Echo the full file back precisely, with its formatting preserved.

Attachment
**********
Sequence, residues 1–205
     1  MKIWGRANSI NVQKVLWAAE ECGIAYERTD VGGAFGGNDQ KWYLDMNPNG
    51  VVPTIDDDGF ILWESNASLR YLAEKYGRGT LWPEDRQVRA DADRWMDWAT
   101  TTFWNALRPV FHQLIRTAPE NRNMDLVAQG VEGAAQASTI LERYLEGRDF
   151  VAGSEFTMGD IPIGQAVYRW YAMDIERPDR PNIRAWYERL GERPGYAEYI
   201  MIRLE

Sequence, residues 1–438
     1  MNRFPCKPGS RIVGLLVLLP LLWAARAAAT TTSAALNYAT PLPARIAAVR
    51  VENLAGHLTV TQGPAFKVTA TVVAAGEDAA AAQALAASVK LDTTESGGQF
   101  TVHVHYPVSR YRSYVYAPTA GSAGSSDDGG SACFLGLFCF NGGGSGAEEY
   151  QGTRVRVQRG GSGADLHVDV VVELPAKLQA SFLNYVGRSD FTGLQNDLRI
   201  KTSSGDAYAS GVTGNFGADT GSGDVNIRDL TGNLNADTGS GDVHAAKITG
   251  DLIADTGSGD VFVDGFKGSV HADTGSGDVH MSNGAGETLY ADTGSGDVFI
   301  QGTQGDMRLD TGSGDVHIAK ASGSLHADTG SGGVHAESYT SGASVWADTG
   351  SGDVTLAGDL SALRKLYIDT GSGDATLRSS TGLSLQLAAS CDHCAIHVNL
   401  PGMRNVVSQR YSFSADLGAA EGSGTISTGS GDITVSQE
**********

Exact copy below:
Sequence, residues 1–205
     1  MKIWGRANSI NVQKVLWAAE ECGIAYERTD VGGAFGGNDQ KWYLDMNPNG
    51  VVPTIDDDGF ILWESNASLR YLAEKYGRGT LWPEDRQVRA DADRWMDWAT
   101  TTFWNALRPV FHQLIRTAPE NRNMDLVAQG VEGAAQASTI LERYLEGRDF
   151  VAGSEFTMGD IPIGQAVYRW YAMDIERPDR PNIRAWYERL GERPGYAEYI
   201  MIRLE

Sequence, residues 1–438
     1  MNRFPCKPGS RIVGLLVLLP LLWAARAAAT TTSAALNYAT PLPARIAAVR
    51  VENLAGHLTV TQGPAFKVTA TVVAAGEDAA AAQALAASVK LDTTESGGQF
   101  TVHVHYPVSR YRSYVYAPTA GSAGSSDDGG SACFLGLFCF NGGGSGAEEY
   151  QGTRVRVQRG GSGADLHVDV VVELPAKLQA SFLNYVGRSD FTGLQNDLRI
   201  KTSSGDAYAS GVTGNFGADT GSGDVNIRDL TGNLNADTGS GDVHAAKITG
   251  DLIADTGSGD VFVDGFKGSV HADTGSGDVH MSNGAGETLY ADTGSGDVFI
   301  QGTQGDMRLD TGSGDVHIAK ASGSLHADTG SGGVHAESYT SGASVWADTG
   351  SGDVTLAGDL SALRKLYIDT GSGDATLRSS TGLSLQLAAS CDHCAIHVNL
   401  PGMRNVVSQR YSFSADLGAA EGSGTISTGS GDITVSQE